Garden To-Do List for April

by Gary Crispell, Master GardenerSM Volunteer


What a roller coaster ride!!  Let’s call it Maruaryune because it came right after Februril.  Pity the plants.  They are sooo confused.  We have a pair of azaleas (Rhododendron x poukensis) in the backyard.  The blooms on one were totally annihilated by the last hard freeze.  The other one is doing just fine even though they aren’t four feet apart.  The fig (Ficus x Brown Turkey) may have received a terminal shot this year.  It is the second year in a row that the leaves have been frozen just as they were emerging.  The apple tree (Malus x Yellow Delicious) is unfazed by it all, thank you very much.

The Accidental Cottage Garden is surprising me yet again.  I had planned to remove the mulch and till the entire bed with the tractor, but there are too many perennials returning for me to justify that.  So, looks like a job for the mini-tiller and way more work for the gardener.  Life can be sooo hard sometimes.

One of the returning perennials is the Siberian wallflower (named for a junior high boy at his first dance).  (Cheiranthus allionii).  It is already in full bloom.  Let us hope April is pleasant (i.e., warm) so that the 250,000 seeds I bought will all germinate and give me something to write about all summer.  Now I have shared part of my “to do” list.  Here is a more complete list of things we can do together apart.

Cheiranthus allionii (Siberian wallflower) – photo credit: Gary Crispell

LAWN CARE:  Statistically this is the first month to fertilize warm season grasses (Bermuda & zoysia—not centipede) because they should be just breaking dormancy.  My zoysia broke dormancy three weeks ago.  Go ahead and fertilize like everything is normal (Might not be any such thing.)

Centipede gets its only feeding in late May.

Just like last year, the window for applying preemergent crabgrass control may well have slammed shut two weeks ago.  The rule of thumb is to make the application sometime between when forsythia blooms and when the dogwoods (Cornus florida) bloom.  The C. florida in my yard are wide open in bloom now.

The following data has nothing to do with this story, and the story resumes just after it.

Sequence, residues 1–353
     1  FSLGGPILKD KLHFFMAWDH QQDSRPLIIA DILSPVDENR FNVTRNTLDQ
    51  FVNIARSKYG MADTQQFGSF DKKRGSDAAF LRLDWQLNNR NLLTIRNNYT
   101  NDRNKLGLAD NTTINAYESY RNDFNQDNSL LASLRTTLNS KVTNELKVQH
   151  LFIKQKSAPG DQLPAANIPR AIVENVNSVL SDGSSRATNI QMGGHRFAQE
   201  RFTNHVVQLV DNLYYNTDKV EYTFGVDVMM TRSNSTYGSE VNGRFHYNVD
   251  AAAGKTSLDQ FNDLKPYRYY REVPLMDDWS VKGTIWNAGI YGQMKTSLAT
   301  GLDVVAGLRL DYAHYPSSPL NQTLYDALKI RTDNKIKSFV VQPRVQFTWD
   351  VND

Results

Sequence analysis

Cool season grasses may also be fertilized now using a balanced (10-10-10 or equivalent) fertilizer in moderation.

FERTILIZING:  Besides lawns (see above), all the stuff you didn’t get to last month because you couldn’t bring yourself to do it in 45 degree weather or when it was raining (which was most of the time it wasn’t 45) can be fertilized now.

PLANTING:  It is soooo tempting.  Like the weather is mostly warm(ish).  And the sun feels so good.  And we’ve been cooped up since I don’t know when.  And…  It’s a crap shoot, y’all.  I’m gonna list ‘em with the caveat  that you might have to protect them before the month is over.  Or you can be conservative and wait until mid April.  This blog assumes no responsibility for frosted plants that we didn’t plant ourselves.  That said, here’s what can be planted ‘cause the soil temp is already all ready.

Squash, cucumber, melons and corn can be planted from seed.  Go ahead and bring out the flats of tomatoes and peppers that you started in January and stick ‘em in the dirt.  Please plant enough to share.  Some folks have thumbs that are other colors than green and some folks carry all their possessions on their backs and don’t have anywhere to plant stuff.  All of them like fresh veggies.

Warm season grasses (Bermuda, zoysia, centipede) can be planted now.  Bermuda can be planted from seed, but the requirements are stringent.  Zoysia, centipede and hybrid Bermudas need to be sodded or plugged (sprigged).  NCSU Turffiles website is a great resource for any North Carolina grass information.

PRUNING:  Remove winter damage from trees and shrubs.

Suppress any urges to prune spring-flowering shrubs {lilac (Syringa sps.), azaleas (Rhododendron x hybrids), mock orange (Philadelphus), etc.} until after the blooms fade.

Prune berry-bearing plants [hollies (Ilex sps.), pyracantha, etc.] while in flower to know how much fruit is being pruned away.